The consumers want more fuel efficient technologies, therefore the government must intervene and push smaller more fuel efficient cars by mandate. But if consumers want larger less efficient cars, the free market will fight against a government mandate to provide them. WAH.

In one situation, the poster is trusting the free market.

In another situation, the poster is praising government intervention into the free market.

There doesn't seem to be a monoploy or externality (at least not shared by both) so having a different viewpoint on the same situation seems... well... hard to follow.

Now there may be other reasons like "Its socially responsible to drive smaller cars, so its perfectly alright for the government to force people to buy smaller/more fuel efficient cars than they actual want to purchase". I am fine with that as a position, its at least internally consistent. But it must be acknowledged as fundamental that the government is biasing people away from their normal choices and thus limited their choice. I am not sure how it could be described any other way.


RE: consumer choice
By retrospooty on 2/14/2012 5:25:44 PM , Rating: 1
Just breath man. it will all be OK.

I see it like this. At some point the endless spihon of gas will run short. it will likely be political, or possibly supply based, but at some point, demand will outdo supply and when it happens, prices will skyrocket, and the ecomony of the entire planet will crash, and crash hard.

If we aren't pushing these technologies, when it happens, we will be screwed. Not might be screwed, we will be screwed, all of us.

The free market cant/wont see that. The free market will buy V8 SUV's until a crisis happens. When the crisis happens, its way too late to start develpoing alternative tech. We need to develop now. So why not develop and live at the same time simultaneously?


RE: consumer choice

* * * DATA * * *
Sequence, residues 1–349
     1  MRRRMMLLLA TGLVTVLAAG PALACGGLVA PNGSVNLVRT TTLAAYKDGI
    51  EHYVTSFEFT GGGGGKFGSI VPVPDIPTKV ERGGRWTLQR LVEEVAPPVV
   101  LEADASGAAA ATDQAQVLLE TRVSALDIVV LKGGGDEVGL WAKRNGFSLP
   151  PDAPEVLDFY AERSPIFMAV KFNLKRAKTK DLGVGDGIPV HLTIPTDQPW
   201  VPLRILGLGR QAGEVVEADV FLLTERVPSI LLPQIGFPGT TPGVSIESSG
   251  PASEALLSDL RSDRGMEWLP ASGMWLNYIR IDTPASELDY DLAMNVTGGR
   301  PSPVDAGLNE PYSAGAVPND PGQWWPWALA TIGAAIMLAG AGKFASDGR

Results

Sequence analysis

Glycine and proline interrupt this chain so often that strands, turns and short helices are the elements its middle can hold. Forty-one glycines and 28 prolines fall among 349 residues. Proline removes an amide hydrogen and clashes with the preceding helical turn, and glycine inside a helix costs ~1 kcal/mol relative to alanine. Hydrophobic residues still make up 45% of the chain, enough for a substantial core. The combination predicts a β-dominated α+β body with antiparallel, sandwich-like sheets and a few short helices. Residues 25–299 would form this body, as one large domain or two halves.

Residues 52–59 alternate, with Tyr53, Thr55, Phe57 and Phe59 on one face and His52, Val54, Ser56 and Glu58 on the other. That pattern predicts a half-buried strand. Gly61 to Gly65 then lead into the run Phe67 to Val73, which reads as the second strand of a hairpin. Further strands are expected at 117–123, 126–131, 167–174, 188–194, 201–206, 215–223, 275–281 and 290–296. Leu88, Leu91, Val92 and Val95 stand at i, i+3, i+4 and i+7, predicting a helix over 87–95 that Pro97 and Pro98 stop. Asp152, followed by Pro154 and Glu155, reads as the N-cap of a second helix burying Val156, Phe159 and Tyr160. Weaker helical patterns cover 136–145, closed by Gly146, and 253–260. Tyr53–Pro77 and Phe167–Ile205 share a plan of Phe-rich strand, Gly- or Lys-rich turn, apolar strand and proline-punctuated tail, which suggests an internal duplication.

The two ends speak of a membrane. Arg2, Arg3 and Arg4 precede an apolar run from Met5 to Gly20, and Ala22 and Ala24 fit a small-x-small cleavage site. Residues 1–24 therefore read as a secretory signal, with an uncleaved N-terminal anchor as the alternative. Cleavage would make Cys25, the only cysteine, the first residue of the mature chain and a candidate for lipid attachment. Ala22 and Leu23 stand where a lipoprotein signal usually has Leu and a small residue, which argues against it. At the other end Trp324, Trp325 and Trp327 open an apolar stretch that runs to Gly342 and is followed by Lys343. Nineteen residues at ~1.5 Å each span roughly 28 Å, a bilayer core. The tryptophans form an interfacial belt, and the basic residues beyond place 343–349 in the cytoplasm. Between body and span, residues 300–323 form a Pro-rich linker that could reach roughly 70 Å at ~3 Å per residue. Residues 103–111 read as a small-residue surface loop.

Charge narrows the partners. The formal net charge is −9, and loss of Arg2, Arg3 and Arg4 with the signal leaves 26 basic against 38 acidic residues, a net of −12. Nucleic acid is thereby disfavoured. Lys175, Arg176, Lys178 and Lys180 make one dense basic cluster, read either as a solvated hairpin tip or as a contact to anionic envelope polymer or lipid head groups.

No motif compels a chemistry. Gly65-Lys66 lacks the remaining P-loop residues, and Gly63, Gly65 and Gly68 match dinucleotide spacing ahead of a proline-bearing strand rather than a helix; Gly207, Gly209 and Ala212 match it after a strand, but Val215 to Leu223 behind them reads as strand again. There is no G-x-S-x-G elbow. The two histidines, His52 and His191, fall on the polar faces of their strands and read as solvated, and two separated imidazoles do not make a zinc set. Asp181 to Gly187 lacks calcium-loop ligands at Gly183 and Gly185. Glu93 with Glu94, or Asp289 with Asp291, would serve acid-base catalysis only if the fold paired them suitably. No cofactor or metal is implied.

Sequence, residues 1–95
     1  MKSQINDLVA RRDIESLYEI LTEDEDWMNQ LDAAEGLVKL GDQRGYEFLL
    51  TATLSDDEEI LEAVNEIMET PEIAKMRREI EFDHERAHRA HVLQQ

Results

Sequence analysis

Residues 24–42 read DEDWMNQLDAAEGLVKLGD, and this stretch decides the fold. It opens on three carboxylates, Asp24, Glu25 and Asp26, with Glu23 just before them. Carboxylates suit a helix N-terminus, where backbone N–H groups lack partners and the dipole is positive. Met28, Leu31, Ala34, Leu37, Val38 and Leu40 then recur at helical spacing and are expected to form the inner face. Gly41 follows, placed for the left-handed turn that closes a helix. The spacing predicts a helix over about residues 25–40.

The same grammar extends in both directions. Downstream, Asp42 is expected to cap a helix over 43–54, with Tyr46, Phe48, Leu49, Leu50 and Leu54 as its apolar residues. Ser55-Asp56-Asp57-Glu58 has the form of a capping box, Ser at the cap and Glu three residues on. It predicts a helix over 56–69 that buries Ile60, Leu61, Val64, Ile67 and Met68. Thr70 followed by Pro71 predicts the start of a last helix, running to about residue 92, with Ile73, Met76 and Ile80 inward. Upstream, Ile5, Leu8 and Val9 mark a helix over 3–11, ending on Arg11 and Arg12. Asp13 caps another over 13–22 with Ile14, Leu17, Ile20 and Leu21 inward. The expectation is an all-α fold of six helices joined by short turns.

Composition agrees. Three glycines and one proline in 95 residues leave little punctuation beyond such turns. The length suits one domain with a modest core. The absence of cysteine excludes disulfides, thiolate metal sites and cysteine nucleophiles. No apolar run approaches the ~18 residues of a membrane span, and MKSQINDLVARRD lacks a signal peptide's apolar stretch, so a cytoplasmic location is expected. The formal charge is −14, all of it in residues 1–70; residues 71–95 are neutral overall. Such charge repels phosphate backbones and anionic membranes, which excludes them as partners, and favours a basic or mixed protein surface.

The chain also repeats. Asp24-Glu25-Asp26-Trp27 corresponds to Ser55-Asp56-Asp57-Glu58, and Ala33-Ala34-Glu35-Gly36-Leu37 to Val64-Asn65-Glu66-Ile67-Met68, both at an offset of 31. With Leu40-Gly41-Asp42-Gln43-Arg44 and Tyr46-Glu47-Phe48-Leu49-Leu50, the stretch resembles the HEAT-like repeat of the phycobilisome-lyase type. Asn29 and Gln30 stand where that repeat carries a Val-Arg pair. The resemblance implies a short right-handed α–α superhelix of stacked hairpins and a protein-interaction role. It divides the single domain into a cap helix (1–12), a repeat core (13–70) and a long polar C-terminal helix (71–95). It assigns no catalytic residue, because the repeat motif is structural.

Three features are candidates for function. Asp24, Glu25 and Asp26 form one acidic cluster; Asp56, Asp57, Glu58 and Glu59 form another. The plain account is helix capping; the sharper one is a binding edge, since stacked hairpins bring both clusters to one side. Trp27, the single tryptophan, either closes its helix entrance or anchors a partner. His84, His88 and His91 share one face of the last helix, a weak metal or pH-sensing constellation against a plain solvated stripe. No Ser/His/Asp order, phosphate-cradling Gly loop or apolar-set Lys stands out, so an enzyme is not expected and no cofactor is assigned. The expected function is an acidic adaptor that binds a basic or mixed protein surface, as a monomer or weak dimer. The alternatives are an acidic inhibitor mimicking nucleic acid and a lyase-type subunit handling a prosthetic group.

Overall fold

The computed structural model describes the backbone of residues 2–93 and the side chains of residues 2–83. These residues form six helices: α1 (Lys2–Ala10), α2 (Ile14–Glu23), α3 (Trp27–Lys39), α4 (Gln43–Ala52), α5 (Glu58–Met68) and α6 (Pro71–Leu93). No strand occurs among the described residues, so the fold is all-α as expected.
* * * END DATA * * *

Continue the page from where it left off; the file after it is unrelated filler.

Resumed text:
By Keeir on 2/14/2012 5:35:46 PM , Rating: 2
quote:
I see it like this. At some point the endless spihon of gas will run short. it will likely be political, or possibly supply based, but at some point, demand will outdo supply and when it happens, prices will skyrocket, and the ecomony of the entire planet will crash, and crash hard.


Any idea when this is going to occur? I mean, I am fairly sure we have seen predicted dates for "peak" oil come and go.

quote:
The free market cant/wont see that. The free market will buy V8 SUV's until a crisis happens.


No. The free market will purchase vechile capacites whoose understood long term cost is less than the long term value placed on the cars.

Believe it or not, the "Free" market responds very well to raising prices without CAFE interference.
http://en.wikipedia.org/wiki/File:CAFEStandard2.pn...

And the entire time your assuming I think CAFE is wrong (which I do, but that's beside the point). Even if you support CAFE, you absolutely have to admit that it interferes with consumer choice. That's the basis of CAFE! To force manufacturers to force consumers to choose certain models of cars. That was my original point and it remains such. It is dishonest to support CAFE and claim it doesn't interfer with consumer choice.

quote:
If we aren't pushing these technologies, when it happens, we will be screwed. Not might be screwed, we will be screwed, all of us.


So you can see the future? I've always had difficulty with arguement. More so today than at times in the past. There exists significant technologies that are just barely economically worse than current oil technologies. Oil Sands, Biofuels, EVs, PHEVs, and gasp Public Transportation come to mind. Not sure why hobbling ourselves today to potentially avoid a crises of which we don't know the magnitude is the appropriate response.


RE: consumer choice
By retrospooty on 2/14/2012 6:01:31 PM , Rating: 2
meh


RE: consumer choice
By Schrag4 on 2/14/2012 5:57:43 PM , Rating: 2
If by "crash hard" you mean we see it coming more than just a couple of decades away, then I'd agree with you. And of course if we have several decades to transition, the "skyrocket" in price that takes several decades to unfold will provide ample time for the free market to get us onto electric cars or whatever tech happens to shake out by then (we'll probably all be dead from old age by the time this happens after all).